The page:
Enjoy Noteworthy Nights at Music Venues in Maury County
Just south of Music City, you'll find a fast-growing county full of live music and events.
Just south of Nashville, known around the world as Music City, is another growing music scene all its own. There’s no shortage of live music venues in Maury County, found in spots like Fozzy’s Bar & Grill in Spring Hill and Embers Tavern & Grille in Columbia, or like Homestead Hall, a “farm2concert” venue on Hardison Mill Farm owned and operated by country music legend Rory Feek.
Built on Faith
Music fans are also flocking to a new sacred ground for entertainment. In 2021, The Mulehouse opened its doors in an artfully restored historic church that sat empty for nearly 20 years. In 2022, this new shining star of downtown Columbia was added to the prominent list of Tennessee Music Pathways venues like Nashville’s Ryman Auditorium and the Grand Ole Opry.
While The Mulehouse is a versatile event and entertainment space, its primary purpose is to create memories through music – “the soundtrack of people’s lives,” – says its visionary founder and renowned radio personality, Blair Garner.
“We’re bringing something to the residents of our community that they would otherwise not be able to enjoy so close to home,” Garner says. “We hold for ourselves the goal of being a music venue that will well outlive our own time and continue to serve the community for many, many decades to come.”
The Mulehouse is well on its way to become an iconic music destination, with legends like Amy Grant, Tracy Lawrence and Lee Greenwood taking the stage, along with exciting performances from hitmakers like Columbia’s own Natalie Stovall with the female country trio Runaway June.
Artists can also film and create content there like the Pistol Annies, who made their “Tonight Show” debut from The Mulehouse stage. “Our long-term goal is to become a music venue that artists don’t get to play, but one that they feel they have to play,” Garner says.
The music venues in Maury County also host legends in the making like Columbia’s own blue-collar hero, Shane Profitt. With popular tracks like “How It’ Oughta Be,” and “Country Boys,” Profitt humbly credits his rising star to his family and his hometown’s support. “I’m a firm believer that everything starts at home, and my home is Maury County,” Profitt says.
Before he shot to stardom on the bigger stages of Nashville and the tour circuit with country artist Chris Janson, Profitt’s gigs were closer to home. His first performance was at his high school prom followed by appearances at local venues like Puckett’s Restaurant or the annual Mule Day festival. He’s now writing his own music and making a name for himself and the community he calls home.
“The thing about Columbia and Maury County, it’s still relatively a small town but with endless opportunities,” Profitt says. “Most places are still family owned, but that’s what I love about it. The opportunities are here, you just have to work for them.”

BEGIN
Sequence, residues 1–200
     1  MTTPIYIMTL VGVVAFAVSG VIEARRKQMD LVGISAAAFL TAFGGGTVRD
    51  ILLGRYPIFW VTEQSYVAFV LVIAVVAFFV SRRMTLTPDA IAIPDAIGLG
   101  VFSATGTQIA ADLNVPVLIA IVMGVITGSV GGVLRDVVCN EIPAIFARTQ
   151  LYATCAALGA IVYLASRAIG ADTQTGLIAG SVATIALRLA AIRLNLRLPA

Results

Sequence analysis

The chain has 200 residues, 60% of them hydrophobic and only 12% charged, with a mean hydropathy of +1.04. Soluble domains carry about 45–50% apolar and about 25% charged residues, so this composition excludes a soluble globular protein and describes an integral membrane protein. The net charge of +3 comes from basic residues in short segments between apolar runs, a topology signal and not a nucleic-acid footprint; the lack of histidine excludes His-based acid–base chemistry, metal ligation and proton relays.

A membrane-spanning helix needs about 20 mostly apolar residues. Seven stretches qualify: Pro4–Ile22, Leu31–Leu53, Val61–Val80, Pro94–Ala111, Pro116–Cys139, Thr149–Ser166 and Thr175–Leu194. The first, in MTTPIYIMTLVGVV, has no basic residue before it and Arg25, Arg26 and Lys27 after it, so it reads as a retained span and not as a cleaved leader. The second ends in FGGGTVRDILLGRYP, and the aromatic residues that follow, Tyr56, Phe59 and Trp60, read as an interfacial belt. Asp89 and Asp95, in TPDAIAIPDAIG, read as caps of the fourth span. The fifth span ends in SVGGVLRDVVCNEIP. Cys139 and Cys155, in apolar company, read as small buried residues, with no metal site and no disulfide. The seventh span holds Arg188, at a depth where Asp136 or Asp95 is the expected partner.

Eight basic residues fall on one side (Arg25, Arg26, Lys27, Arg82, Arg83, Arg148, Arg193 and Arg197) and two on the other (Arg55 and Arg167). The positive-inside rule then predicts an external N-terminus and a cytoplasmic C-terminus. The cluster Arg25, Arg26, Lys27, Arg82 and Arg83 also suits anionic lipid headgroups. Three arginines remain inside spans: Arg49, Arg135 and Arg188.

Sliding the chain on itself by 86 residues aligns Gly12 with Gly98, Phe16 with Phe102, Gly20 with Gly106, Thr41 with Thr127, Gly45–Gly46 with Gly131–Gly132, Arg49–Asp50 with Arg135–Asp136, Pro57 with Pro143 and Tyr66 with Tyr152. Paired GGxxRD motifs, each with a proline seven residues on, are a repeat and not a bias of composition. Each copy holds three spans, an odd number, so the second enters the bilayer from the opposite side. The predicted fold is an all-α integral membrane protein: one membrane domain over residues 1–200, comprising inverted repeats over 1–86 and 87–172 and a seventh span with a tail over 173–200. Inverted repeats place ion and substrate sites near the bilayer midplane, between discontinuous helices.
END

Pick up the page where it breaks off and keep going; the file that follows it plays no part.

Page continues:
Fun on the Farm
Grammy Award-winning country music singer/songwriter Rory Feek lives on a 100-acre farm in Columbia called The Homestead at Hardison Mill, which hosts the annual Homestead Festival every summer. (Dates for the 2023 festival are June 2-3.)
“The festival features expert speakers teaching about homesteading so that people can be a little more self-sustaining, which seems to be getting more important and popular these days,” Feek says. “Guests hear about how to grow your own garden, how to raise baby chicks, homeschooling your children, canning vegetables and much more.”
The 2022 two-day Homestead Festival attracted about 4,000 people each day, and Feek expects the attendance in 2023 to be around 6,000-7,000 daily. “The festival’s tagline is, ‘Where you not only can learn how to grow your own food, but how to grow a life filled with meaning and purpose,’” he says.
Each night also features live concerts. Actor Kevin Costner and his band headlined the 2022 event. Music is a big part of the festival, and Feek knows a lot about music. He wrote the 1999 hit song “Someone You Used to Know” for country star Collin Raye. Royalties from that single allowed Feek to buy his Maury County property.
In addition, he has written songs for Blake Shelton, Reba McEntire, Waylon Jennings, Tracy Byrd, Kenny Chesney, Lorrie Morgan and Clay Walker. Feek himself is also a guitarist and vocalist who performs several times a year at various music events throughout the country.
He adds that the music industry continues to grow in Maury County, including the recent opening of The Mulehouse venue in downtown Columbia.
“My Hardison Mill farm was inhabited in the late 1800s by sisters Molly and Viva Hardison, and a friend of mine once gave me sheet music from a song called ‘Viva and Me’ that Molly wrote in 1890,” Feek says. “It’s one of my favorite possessions and hangs over my fireplace mantel. It just shows how far back good music was produced in Maury County.”
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